Food File: Yoghurt Coffee
Yoghurt coffee has got to be the perfect breakfast: yoghurt for calcium and protein and those little probiotic thingies that look so cute when they jump up and down on the see-saw in the yoghurt ads.
Caffeine, people! It’s what mornings were made for.
And all the food groups are covered. (Aren’t they?)
Yoghurt coffee, served icy cold, is one of those rarer Vietnamese oddities that I’ve discovered since throwing myself into Vietnamese coffee research. There is so much to learn about Vietnamese coffee, Vietnamese coffee culture and Ho Chi Minh City cafes that I feel a bit insignificant as I dive into this new field.
But Vietnamese coffee is just so good I can’t keep away.
And so I give you … yoghurt coffee. Something I discovered when I was on the hunt for something else.
I had my first sweet sip of yoghurt coffee in a groovy dimly-lit cafe that Darling Man took me too after I raised the possibility of adding a coffee tour to our street food tour offerings.
The coffee tour is a concept that Darling Man disparages because he doesn’t drink coffee. (It makes your teeth brown, you known.)
But I think it could work. Although I keep searching and searching and I haven’t yet found that perfect set of coffee confluences that would make a great street food tour.
We had a tour-free day and I had been cajoling him into taking me to a new coffee place. (And yes, he does have to take me because … he’s so cute. And the information available in Vietnamese is infinitely more comprehensive than the information available in English. As is the case on most Vietnamese food and beverage topics. And my Vietnamese still sucks.)
We had actually been on the hunt for Hanoi egg coffee in Ho Chi Minh City. We’d struck out at two places and now I was so ablaze with caffeine my eyebrows were gently buzz-tackling my hairline like ballerinas who’d taken rugby league classes.
Darling Man floated into the groovy dimly-lit place a few steps in front of me. I stutter-jumped behind, hiccuping loudly and trying to look like I was not suffering from Tourette’s.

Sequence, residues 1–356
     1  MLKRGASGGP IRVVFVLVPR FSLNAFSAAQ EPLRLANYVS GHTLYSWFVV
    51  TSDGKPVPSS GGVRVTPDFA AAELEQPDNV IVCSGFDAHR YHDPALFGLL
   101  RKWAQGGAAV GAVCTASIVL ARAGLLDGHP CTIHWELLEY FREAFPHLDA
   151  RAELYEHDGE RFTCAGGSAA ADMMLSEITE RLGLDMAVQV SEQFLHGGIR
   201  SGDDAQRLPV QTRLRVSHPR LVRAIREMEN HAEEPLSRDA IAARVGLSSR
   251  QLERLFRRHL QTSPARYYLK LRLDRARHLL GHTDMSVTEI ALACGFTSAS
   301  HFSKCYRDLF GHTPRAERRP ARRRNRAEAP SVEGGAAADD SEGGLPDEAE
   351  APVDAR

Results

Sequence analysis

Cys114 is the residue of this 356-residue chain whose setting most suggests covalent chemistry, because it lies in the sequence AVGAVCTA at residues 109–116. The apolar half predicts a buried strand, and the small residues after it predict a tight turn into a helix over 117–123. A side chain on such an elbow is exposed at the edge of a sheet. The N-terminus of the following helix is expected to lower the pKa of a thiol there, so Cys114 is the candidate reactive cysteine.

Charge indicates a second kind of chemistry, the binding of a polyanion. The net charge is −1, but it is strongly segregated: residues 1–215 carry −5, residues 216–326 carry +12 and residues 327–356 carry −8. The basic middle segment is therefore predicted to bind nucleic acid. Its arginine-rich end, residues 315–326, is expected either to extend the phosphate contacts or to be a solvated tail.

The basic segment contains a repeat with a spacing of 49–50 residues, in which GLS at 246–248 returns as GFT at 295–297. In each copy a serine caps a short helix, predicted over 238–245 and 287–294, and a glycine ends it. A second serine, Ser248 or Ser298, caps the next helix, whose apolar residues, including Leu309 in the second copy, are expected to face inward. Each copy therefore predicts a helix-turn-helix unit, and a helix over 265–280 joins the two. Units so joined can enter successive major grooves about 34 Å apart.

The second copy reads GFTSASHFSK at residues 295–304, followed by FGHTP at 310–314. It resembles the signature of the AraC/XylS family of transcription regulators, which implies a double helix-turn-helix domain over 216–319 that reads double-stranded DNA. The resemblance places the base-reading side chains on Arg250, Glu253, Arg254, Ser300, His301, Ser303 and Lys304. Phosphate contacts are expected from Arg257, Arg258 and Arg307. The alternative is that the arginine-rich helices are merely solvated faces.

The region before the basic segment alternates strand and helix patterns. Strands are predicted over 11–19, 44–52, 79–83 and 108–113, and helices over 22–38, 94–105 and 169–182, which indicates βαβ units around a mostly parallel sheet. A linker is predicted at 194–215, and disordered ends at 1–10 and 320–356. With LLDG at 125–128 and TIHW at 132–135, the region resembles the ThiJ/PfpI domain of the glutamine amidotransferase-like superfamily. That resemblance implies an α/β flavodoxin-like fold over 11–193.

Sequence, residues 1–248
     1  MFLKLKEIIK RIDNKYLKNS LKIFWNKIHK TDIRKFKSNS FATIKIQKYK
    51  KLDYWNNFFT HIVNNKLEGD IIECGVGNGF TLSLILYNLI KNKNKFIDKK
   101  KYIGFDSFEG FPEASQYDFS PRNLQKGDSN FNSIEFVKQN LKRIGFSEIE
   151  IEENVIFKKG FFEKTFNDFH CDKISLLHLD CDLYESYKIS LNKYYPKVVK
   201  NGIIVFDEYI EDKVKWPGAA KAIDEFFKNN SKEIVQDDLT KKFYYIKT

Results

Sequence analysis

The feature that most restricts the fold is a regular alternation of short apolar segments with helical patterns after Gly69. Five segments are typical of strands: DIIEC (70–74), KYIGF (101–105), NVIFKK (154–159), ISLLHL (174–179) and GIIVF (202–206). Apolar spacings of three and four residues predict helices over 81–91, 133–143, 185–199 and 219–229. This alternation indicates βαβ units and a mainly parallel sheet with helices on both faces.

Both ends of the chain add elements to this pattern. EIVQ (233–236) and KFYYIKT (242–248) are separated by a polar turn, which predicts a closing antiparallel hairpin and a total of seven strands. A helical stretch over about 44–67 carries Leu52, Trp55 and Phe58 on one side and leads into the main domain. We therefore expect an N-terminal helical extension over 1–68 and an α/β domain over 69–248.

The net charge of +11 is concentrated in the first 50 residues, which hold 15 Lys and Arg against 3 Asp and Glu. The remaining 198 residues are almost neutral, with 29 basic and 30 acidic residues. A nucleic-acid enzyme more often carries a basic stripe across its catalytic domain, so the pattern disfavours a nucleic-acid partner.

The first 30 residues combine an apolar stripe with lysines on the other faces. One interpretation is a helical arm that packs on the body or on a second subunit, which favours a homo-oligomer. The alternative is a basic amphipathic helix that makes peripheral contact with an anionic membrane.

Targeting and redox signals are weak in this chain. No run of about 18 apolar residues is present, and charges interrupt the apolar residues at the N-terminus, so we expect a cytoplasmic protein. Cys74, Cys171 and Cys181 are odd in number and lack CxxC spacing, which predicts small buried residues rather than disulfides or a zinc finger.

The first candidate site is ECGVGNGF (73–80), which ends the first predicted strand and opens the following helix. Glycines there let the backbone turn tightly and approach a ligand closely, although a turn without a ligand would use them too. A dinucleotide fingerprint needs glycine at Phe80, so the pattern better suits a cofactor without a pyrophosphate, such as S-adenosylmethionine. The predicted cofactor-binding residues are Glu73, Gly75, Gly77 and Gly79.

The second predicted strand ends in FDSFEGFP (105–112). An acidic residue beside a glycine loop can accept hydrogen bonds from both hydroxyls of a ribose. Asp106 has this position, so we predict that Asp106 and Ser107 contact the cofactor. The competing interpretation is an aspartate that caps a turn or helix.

I’d already had two plain old cà phê sữa đás (iced coffee with condensed milk) at places that used to serve cà phê trứng (egg coffee) but didn’t anymore. If I was Vietnamese I probably would not have ordered anything. But I’m Australian, I feel like it’s only polite to order when I am at a groovy dimly-lit cafe, even when I’m thrumming with caffeine.
I flipped open the menu and DAMN no egg coffee. Again. I pulled a face that attempted to convey my half-thought that we were wasting our free day — a day when we didn’t have a tour and Miss M was at school and the baby was with the helper and we were together and in love … and we OWNED this old town and all it has to offer.
Darling Man was oblivious to my look. He was busy examining the menu.
“They have yoghurt coffee,” he said. And I was torn between getting pinged off at him for not seeing the complicated emotions on my face and being intrigued by the concept of yoghurt coffee.
I decided to go with the intrigued feeling.
“I think I’ve had enough coffee for today,” I said.
Darling Man shrugged and turned his attention to his phone as if the conversation and the date and the day was over.
Bloody smart phones. I rue the day we got them. (Even though I secretly LOVE mine and find it so helpful when managing a small business while being out and about doing other stuff.)
Darling Man ignored the sweet waitress who was hovering.
I smiled at her and ordered a yoghurt coffee. When I handed the menu back to her, I noticed my hands were shaking from the caffeine I’d already imbibed that day.
The yoghurt coffee arrived a few minutes later. And it was amazing. Tart and sour and sweet and coffee-y all at the same time.
I slurped it down, jumped off the couch and started bouncing on the balls of my feet as I tapped my fingernails on the wall and yodeled and asked to Darling Man come out of his phone and take me to another cafe. Maybe one that served ACTUAL egg coffee because I was starting to feel sick from all the non-egg coffee I’d drunk that day.
Darling Man took me home. Where I crashed into a post-caffeine sleep that I think can only happen in Vietnam.
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5 years ago